My first paper mache piñata! I wanted to make a lego box rather than a lego person (kind of sad to ask kids to beat up a person-shaped piñata, don’t you think? Do an online search for “youtube, spiderman piñata”) It was Pete’s idea to use a grocery bag for the bottom layer (I was afraid it was too thick, so I cut long slits into the body…which I don’t think made a difference). We tried to use balloons to keep the bag from collapsing from the moisture of the 1st layer of paper mache paste, but the wet bag started shaping itself to the balloons, so I had to put a large shoebox in it to keep the angles square while the first layer dried. After it was dry, I took the shoebox out, put the balloons back in, and closed the other side of the piñata with the bottom of another grocery bag. I started out using a boiled flour paste recipe for the paper mache, but it took me a week to make, gluing strips down every now and then during the day, so the other two layers were just glued with a flour/water paste that was about the consistency of a thin pancake batter. (I forgot to refrigerate the boiled recipe, so I couldn’t keep using it).
I did two layers in newspaper and a third in white computer paper. Before the computer paper layer, I cut a slit in one end to stuff the snack packs into the piñata (graham crackers, shortbread, animal crackers, etc). Then, I used Elmer’s glue on the edges to glue blue streamers to the ends, pulling the streamers taut so that the surface would look as smooth as possible. For the body, I again applied glue only to the edges and wound the streamers tautly at a slight diagonal, also covering up the loose streamers from either end.
For the lego bumps, I used guacamole cups!
After enlarging the “Lego” logo to the correct size and cutting the blue circles out, I realized that the letters had to be traced over with a black pen, just like the circles on the small lego boxes. So tedious, but there were only 6 this time.
All done! T&T really liked it. I had three weeks to explain to Teddy and Timmy that we were going to break the piñata at their party to get the snacks out. And yes, everyone was going to have a turn. And yes, the piñata was going to be broken, and that was okay. And yes, all the kids at the party get to hit it. And…you get the idea.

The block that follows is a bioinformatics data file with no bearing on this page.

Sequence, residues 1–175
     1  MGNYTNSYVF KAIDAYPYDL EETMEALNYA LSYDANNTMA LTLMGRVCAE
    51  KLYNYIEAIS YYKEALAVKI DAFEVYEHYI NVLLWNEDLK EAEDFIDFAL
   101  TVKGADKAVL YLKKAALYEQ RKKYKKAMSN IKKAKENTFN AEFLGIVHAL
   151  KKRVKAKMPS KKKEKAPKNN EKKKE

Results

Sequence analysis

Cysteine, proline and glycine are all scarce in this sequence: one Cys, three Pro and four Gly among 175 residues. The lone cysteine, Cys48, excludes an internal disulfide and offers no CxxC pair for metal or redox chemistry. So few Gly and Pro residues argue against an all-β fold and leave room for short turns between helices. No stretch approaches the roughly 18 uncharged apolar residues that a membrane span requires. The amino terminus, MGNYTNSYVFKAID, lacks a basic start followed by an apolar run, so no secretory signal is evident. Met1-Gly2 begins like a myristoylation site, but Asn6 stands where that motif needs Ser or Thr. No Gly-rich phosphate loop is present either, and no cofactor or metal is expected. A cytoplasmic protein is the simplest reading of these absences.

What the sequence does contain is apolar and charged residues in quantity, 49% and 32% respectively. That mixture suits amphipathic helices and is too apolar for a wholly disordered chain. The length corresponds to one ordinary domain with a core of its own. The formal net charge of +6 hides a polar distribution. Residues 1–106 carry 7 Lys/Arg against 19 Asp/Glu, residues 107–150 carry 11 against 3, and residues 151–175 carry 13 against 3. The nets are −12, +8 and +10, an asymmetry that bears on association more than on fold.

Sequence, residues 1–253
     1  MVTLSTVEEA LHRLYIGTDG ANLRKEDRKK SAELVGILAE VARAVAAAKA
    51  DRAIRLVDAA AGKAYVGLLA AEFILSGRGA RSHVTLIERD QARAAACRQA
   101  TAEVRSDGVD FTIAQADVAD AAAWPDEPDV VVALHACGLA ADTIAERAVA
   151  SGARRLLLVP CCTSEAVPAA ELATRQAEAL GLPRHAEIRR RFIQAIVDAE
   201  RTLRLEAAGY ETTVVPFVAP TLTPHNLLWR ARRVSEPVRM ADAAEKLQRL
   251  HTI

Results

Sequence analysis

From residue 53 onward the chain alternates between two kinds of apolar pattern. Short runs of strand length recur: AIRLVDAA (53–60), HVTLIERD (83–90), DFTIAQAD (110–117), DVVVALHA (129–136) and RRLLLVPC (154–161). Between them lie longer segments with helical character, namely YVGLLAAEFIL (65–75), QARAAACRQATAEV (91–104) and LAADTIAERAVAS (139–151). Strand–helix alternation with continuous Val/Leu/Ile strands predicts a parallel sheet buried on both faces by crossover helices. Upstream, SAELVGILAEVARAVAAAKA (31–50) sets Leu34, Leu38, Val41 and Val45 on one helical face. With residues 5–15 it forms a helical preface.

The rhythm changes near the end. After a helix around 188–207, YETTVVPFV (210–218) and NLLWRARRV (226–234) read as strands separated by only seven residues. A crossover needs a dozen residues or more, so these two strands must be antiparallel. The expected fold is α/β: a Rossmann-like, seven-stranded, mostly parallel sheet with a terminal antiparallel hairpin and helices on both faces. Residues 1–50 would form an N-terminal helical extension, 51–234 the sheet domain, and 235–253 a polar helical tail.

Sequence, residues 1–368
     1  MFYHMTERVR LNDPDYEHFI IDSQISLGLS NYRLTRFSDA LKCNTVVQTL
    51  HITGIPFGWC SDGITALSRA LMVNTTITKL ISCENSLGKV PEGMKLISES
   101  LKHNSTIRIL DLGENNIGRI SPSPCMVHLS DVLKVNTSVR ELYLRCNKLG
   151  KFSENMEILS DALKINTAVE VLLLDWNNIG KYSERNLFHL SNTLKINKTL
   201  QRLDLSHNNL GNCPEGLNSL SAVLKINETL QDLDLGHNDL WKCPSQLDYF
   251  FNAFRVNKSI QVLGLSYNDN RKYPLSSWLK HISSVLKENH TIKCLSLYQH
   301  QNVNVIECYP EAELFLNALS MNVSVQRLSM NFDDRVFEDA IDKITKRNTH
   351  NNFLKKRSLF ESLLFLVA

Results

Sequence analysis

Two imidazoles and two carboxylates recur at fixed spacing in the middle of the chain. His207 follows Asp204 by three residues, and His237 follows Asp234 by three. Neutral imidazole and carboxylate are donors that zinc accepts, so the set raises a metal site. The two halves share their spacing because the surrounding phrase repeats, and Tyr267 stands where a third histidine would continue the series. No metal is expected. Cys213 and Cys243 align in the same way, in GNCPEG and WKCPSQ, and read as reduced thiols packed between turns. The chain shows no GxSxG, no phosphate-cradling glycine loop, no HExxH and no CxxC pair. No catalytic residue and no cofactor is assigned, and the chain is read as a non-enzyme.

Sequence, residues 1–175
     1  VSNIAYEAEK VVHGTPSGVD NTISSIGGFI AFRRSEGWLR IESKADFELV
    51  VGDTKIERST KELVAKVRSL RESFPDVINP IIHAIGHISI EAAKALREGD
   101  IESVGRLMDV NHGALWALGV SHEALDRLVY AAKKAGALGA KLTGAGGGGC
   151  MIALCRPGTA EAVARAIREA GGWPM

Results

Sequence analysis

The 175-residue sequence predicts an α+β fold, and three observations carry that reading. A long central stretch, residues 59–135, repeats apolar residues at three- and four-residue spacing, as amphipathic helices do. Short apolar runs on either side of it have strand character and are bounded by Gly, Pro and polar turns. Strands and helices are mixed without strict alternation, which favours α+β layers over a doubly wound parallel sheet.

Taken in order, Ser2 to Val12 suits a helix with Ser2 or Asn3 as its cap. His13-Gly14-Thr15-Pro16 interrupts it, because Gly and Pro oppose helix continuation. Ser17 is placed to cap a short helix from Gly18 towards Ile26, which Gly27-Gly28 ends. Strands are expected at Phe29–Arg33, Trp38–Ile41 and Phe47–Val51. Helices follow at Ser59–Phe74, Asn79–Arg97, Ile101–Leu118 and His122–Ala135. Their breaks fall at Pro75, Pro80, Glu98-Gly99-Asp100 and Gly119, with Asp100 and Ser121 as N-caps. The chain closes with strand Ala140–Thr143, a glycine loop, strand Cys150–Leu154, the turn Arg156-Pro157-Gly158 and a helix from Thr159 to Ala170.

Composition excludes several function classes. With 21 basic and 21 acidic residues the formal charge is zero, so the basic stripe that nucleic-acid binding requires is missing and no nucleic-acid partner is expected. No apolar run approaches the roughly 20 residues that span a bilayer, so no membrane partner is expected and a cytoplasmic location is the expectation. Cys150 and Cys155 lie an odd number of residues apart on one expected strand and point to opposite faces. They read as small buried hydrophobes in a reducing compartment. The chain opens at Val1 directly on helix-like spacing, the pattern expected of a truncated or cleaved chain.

It was too hard for the kids to break!! 😦 At least all 14 kids had at least two turns each (better than not getting around to everyone, right?) Pete finally took it aside to slice open and then let a few more kids hit it. We decided not to hang it because T&T are only three years old…as it was, they barely knocked it off of the stool. Some of the older kids had great whacks, though! Not hanging it = snacks not flying out of the piñata, just FYI. I’m pretty sure Pete quickly stuck his hand in the crack and flung snack packs all over the room at the end.
The other game I made was “Pin the Head on the Lego man.” I had Pete teach Teddy & Timmy how to play while I was at the Piano Festival the morning of the party (that’s why those two heads are already on the board, but I reset it before the party)
I enlarged the template of the lego heads (2 per page) and printed them onto yellow paper. I found the template here: http://www.atypicalenglishhome.com/2013/01/freebie-thursday-lego-party-printables.html
I personalized each head with a sticker of the child’s name in Lego font (more on the name stickers later). The pin-the-head man is just a super enlarged one of the outline that I used for the smaller lego men from week 1. The pants are the size of one sheet of card stock, the body is another, and the arms are half of a third sheet.
During the game, I used painter’s tape for the kids to stick the heads to the board, but the kids who waited longer had touched the tape too much and the heads kept falling off of the board, although I tried to put them back close to where they had been. (Teddy’s lego head was one that had fallen off, and it just got slapped back on the board randomly–it was actually much closer than where it ended up on the board!) So if I had to do it over, I would give the child their head to pin right before their turn, I’d assign someone else to hold the pin-the-head board or find something at the right height to prop it up on, and I’d find a blindfold that could be tied and left around the child’s head so they’d have to walk independently to the board.
What to do with all those lego heads after the party? They were all salvaged, thanks to the painter’s tape, so I peeled off the kids’ names, replaced it with a sticker printout of “Thanks” in lego font, scored the top of the lego head, attached the top with double-sided tape, and made Lego head thank-you cards.